Ben Russell: Art of never answering the question is modern politician's weapon

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The Independent Online

Jack Straw is an experienced politician and a wily lawyer who deployed all the arts of the advocate to defend the Government's position over the legality of war.

Jack Straw is an experienced politician and a wily lawyer who deployed all the arts of the advocate to defend the Government's position over the legality of war.

The inquiries into the approach to war, the claim that the Attorney General was "unequivocal" in his legal advice, the well-worn justification for the invasion, and even the arguments before Britain joined patrols of the no-fly zone above Iraq were all used by Mr Straw to fend off aggressive questioning by John Humphrys. The Foreign Secretary's first line of defence was to insist that the legal advice given by Lord Goldsmith had been examined by the Butler inquiry, despite interventions that the legality of war was not part of Butler's remit.

Mr Straw insisted Britain was "very clear" that Saddam's actions revived the authority for military action in UN resolutions of a decade before, but refused to discuss if a leak of earlier advice from the Attorney General was accurate, let alone whether Lord Goldsmith had dissented from that view in the past.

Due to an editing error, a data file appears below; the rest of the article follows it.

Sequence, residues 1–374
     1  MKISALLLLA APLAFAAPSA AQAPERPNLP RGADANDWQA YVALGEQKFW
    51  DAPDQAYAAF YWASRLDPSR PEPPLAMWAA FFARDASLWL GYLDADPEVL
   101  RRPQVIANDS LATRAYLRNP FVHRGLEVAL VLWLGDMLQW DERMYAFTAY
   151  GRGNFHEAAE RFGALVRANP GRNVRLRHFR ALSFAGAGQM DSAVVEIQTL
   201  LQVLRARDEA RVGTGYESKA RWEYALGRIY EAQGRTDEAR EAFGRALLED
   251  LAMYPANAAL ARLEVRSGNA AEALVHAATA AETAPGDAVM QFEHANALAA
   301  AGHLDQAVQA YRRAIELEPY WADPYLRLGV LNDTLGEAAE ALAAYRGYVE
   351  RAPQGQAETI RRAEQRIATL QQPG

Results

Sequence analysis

He declined to confirm or deny the leak to The Mail on Sunday which revealed six caveats in Lord Goldmith's legal opinion before he apparently changed his view and confirmed that an invasion would be legal. Mr Straw's cryptic reply was: "I'm simply not confirming it," but he claimed that listeners "are not entitled to assume it's accurate".

Mr Straw repeatedly said Lord Goldsmith's advice to the Cabinet on the eve of war was "unequivocal" despite detailed claims that only a few days earlier his advice was anything but. He also tried to shift the debate on to the broader question of whether the war was justified - away from the narrower but, to many, very important question, of whether and why legal advice on the war had changed.

Finally he deployed the argument much favoured in official circles: "What we have now got to is a far better Iraq, and those who opposed the war ... need to understand that much good has come to it."

The ill-tempered exchanges - Mr Straw once told the veteran interviewer to "keep your hair on" - were punctuated throughout with the phrase "with respect", "with great respect" and "with the greatest respect". As has been observed in the past, the phrase can be construed otherwise.

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